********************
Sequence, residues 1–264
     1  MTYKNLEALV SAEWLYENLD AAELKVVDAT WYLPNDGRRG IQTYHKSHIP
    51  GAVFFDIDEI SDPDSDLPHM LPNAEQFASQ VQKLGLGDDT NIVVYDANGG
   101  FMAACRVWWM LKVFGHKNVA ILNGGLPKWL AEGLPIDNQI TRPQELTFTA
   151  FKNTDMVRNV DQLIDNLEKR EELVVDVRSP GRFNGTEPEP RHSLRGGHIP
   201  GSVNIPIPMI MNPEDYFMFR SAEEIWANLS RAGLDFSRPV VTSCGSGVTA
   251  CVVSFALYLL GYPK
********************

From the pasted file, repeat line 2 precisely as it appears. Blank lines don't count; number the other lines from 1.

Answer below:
     1  MTYKNLEALV SAEWLYENLD AAELKVVDAT WYLPNDGRRG IQTYHKSHIP